Griffin Cherrill

Tools to assess the risk of internal moisture from timber thermal bridges

Griffin photo

MBIE has proposed that by 2035, buildings in New Zealand will use as little energy as possible while maintaining a healthy indoor environmental quality (IEQ) which includes a reduced risk of internal moisture. ‘Internal moisture’ may lead to damage to the building fabric. It includes surface condensation and mould growth but excludes interstitial condensation. The current method used to assess this risk from NZBC Clause E3/AS1 requires a minimum R-1.5 R-value for timber-frame construction. The R-value is calculated using the isothermal-planes method, which averages timber and insulation, smoothing surface temperature fluctuations which cause localised internal moisture. Ryan et al. (2019) found 45 of 47 timber-frame houses had not the expected 18% but over 26%, and up to 57%, of the external wall area occupied by timber – the thermal bridge. With larger than expected amounts of timber in the wall, the achieved performance of timber-framed houses is below the minimum standard required by the NZBC, which leads to an increased risk of surface condensation and mould growth.

As the MBIE requirements will require higher performance construction, both the achieved performance and assessment tools need to be improved. A number of tools currently exist but a review of literature found the most reliable tool is one that can simulate in all three dimensions using dynamic conditions. But to use such a tool, the modeller requires large amounts of time and experience, which is unlikely to be found in a design construction office.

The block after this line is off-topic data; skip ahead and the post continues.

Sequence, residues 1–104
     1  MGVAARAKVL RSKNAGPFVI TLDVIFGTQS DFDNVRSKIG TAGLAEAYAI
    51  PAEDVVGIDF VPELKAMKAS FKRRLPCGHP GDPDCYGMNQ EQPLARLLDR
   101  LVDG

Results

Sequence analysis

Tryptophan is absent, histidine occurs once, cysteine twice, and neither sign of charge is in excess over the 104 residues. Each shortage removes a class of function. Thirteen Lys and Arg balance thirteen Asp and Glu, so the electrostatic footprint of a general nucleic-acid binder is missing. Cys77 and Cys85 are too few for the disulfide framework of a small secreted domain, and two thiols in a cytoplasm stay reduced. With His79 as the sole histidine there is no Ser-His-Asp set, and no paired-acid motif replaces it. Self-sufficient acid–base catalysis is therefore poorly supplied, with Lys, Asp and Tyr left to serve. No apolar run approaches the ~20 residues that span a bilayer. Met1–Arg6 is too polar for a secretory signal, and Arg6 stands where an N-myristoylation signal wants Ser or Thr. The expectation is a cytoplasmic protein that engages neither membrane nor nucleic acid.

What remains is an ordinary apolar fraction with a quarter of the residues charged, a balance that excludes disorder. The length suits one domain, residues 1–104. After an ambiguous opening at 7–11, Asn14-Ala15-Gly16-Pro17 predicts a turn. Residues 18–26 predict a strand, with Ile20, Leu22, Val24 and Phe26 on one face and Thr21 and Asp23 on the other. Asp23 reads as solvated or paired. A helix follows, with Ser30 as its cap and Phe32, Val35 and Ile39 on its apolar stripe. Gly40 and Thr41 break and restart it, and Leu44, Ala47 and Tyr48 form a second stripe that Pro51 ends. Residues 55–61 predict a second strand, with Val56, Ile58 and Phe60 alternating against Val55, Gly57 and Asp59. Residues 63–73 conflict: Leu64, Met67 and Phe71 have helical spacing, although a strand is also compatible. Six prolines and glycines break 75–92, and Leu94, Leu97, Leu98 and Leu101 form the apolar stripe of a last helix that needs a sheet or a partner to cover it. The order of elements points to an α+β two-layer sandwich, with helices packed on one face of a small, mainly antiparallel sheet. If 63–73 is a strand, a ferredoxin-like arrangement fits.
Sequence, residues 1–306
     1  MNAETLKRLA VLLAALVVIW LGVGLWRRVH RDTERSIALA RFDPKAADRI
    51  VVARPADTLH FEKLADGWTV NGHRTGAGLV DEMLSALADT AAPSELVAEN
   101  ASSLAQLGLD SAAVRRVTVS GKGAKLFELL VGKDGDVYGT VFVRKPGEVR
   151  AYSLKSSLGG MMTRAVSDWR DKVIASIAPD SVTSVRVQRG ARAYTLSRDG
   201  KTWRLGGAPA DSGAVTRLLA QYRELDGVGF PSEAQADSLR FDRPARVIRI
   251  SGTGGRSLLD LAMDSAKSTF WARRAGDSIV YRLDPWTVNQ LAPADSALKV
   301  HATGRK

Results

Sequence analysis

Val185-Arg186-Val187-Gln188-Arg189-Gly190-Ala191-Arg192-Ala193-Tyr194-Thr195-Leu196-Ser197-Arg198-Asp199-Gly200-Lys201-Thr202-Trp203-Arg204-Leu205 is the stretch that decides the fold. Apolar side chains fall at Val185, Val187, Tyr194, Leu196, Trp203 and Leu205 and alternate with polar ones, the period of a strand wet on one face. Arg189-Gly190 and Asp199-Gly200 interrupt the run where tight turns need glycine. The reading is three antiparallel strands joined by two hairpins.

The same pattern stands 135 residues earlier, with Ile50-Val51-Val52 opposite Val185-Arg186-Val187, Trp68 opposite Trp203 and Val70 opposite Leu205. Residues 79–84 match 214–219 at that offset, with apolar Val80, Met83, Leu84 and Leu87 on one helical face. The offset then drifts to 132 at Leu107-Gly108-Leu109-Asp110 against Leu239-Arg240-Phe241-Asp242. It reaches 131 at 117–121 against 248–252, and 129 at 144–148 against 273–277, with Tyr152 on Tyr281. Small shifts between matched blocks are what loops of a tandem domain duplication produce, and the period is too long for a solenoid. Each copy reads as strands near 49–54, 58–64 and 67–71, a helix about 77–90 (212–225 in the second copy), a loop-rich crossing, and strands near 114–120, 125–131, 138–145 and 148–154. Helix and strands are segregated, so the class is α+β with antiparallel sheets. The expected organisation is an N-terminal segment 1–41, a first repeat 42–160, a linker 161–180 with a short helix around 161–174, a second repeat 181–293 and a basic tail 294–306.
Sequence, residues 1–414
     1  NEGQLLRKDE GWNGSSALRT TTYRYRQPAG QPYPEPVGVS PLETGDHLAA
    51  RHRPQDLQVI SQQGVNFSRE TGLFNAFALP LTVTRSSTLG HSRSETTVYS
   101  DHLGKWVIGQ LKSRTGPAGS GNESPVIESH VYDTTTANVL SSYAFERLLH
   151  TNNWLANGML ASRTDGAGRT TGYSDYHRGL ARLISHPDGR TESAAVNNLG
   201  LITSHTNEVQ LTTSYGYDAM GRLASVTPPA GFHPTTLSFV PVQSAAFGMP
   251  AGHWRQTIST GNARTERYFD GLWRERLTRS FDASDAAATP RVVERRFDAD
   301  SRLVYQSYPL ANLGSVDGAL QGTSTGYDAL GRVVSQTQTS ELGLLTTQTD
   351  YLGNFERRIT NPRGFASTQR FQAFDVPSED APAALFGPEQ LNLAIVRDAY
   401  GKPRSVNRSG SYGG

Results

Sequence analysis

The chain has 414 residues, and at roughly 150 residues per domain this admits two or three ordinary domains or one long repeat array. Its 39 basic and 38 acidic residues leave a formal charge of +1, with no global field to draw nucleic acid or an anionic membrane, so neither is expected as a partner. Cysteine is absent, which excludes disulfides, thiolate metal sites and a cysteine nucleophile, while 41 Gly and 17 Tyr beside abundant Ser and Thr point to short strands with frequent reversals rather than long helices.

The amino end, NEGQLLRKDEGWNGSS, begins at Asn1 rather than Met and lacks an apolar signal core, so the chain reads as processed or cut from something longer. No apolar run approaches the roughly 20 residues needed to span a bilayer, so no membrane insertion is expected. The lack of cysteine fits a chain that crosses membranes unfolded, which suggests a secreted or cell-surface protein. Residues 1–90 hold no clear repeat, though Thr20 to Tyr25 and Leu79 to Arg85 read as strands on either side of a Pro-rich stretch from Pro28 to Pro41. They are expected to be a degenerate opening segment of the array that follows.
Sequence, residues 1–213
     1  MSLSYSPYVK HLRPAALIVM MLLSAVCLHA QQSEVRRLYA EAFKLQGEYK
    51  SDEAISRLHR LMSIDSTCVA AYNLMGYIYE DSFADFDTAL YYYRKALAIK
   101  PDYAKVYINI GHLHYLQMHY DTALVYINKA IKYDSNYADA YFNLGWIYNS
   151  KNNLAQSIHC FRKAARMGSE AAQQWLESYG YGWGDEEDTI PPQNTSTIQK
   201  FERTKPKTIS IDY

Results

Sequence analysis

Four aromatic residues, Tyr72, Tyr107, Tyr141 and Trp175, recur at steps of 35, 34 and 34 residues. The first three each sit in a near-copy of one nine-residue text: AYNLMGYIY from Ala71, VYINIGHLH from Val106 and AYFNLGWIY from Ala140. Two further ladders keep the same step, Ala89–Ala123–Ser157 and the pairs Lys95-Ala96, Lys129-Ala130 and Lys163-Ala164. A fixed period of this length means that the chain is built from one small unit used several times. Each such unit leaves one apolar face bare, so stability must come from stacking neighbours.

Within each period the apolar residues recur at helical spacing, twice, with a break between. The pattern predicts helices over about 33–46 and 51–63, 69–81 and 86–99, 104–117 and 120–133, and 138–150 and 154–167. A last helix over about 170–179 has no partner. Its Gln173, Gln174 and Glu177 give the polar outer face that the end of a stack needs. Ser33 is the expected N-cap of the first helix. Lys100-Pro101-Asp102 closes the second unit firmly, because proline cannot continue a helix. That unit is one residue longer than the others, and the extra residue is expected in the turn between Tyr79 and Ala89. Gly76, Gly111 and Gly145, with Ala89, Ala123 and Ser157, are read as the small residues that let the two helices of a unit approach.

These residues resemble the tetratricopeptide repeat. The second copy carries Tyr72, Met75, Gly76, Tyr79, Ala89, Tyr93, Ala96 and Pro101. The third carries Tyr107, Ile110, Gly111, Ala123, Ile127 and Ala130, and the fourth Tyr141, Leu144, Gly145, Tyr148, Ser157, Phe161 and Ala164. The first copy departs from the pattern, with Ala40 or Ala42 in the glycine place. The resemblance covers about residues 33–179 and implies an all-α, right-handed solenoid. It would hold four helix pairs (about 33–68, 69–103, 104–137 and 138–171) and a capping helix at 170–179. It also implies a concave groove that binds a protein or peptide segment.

Industry needs a design-stage tool to assess the energy, IEQ and moisture performance of new construction methods to achieve the requirements outlined by MBIE. Currently, available tools require higher levels of experience and analysis time than are acceptable. Simpler tools exist, but their assumptions can negatively impact results. Therefore, this research aims to identify how detailed a tool needs to be to ensure results can be used to reliably assess the risk of internal moisture, while ensuring the tool does not require significant time and experience.


Dr Michael Donn from the School of Architecture, Dr Nigel Isaacs from the School of Architecture and Stephen McNeil, Senior Building Physicist from the Building Research Association of New Zealand (BRANZ).